Change standard operating procedures. “People have to change their behavior or it’s all no good,” Berge said. The same as you now Google, check Yelp and use a GPS before you set off to find a restaurant, you need to “Google your pump” before you go into the field. Equipment generates alarms--you need alarm management for maintenance similar to what you use for controls. “Set priorities and make alarms actionable, so they tell you what to do,” Berge said.
Enable a private intranet of things. Companies can put in centers of excellence to monitor equipment at multiple sites so they don’t need as many experts at each site. A single center can handle sites around the world, and the information is accessed only by company employees.
Use an Internet of Things. Outsource to experts such as Emerson and vendors of different types of equipment. “Emerson can now go beyond just giving you a report—we can go there and fix it,” Berge said. “We look only at the equipment information, not process data, so you’re not revealing any process secrets.”
There are multiple ways to do the necessary information technology/operations technology (IT/OT) integration—the connection between the instrumentation and the internet. “Generally, both areas of expertise are involved, but there are ways of working around that,” Berge said. IIoT can be independent of the control system, so there is no connection, “like we do with the steam trap monitors at Denka,” Berge said. “It’s completely separate. They didn’t even buy any hardware—not a single screw. We provide the service on a per-point, per-month basis.”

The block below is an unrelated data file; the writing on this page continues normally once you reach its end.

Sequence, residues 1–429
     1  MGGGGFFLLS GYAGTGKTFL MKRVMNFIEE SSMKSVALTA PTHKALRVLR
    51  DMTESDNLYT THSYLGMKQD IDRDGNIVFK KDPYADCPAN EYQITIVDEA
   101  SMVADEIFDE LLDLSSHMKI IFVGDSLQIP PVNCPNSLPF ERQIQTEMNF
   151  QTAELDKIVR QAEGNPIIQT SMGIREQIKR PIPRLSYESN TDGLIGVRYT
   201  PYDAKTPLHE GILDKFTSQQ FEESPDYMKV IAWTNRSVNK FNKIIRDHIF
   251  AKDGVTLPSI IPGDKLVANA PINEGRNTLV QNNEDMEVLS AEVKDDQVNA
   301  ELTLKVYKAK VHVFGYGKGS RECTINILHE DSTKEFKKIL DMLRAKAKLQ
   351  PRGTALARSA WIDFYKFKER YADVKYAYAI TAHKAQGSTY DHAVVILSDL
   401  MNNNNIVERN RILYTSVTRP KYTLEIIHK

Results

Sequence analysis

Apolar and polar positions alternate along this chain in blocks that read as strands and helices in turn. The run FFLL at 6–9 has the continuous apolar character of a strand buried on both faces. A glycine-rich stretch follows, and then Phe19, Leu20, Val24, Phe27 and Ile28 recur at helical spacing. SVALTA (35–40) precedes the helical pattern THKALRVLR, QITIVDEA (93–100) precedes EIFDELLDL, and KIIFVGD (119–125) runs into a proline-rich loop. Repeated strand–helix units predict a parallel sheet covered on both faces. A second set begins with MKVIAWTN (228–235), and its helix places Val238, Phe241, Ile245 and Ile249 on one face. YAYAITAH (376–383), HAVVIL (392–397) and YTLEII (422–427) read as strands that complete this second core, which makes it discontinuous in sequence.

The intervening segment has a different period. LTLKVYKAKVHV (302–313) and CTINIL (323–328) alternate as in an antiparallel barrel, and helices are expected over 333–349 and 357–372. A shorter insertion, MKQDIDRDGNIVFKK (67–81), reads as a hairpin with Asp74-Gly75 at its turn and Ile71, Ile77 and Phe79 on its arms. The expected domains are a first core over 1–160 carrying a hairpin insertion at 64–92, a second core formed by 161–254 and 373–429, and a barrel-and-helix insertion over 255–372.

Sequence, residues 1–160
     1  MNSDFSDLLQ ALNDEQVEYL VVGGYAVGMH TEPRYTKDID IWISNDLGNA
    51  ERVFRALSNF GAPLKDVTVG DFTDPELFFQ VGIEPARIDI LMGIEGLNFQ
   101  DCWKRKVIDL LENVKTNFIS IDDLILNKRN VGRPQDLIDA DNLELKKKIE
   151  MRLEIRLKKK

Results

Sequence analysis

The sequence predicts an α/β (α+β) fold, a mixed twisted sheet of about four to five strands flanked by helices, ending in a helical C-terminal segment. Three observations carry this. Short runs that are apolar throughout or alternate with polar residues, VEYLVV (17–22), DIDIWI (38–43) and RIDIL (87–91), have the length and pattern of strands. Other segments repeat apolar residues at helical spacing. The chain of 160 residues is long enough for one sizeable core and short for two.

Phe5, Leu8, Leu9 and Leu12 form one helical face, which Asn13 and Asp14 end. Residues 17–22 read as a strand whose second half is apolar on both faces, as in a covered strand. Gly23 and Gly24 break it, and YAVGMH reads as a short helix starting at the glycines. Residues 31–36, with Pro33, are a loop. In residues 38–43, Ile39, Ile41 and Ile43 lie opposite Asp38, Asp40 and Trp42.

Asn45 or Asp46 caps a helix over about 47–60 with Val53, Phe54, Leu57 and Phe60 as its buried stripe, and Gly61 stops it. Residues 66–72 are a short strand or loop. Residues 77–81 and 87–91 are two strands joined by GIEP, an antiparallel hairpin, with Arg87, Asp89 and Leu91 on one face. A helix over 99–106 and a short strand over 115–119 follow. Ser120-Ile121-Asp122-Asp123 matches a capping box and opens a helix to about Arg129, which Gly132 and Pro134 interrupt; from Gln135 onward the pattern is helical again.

In other cases, “We can send historian data directly to the cloud, or we can send up the DCS data,” Berge said. Either way, “We can use ‘data diodes’ so only the desired data leaves, and nothing comes in.”
It can all be done on a three-year plan. “If you haven’t already, try wireless, and have us help you do a modernization audit,” Berge said. “Make sure your solution is compatible with your existing equipment—there’s no need to bulldoze your historian or replace what you already have. And get started.”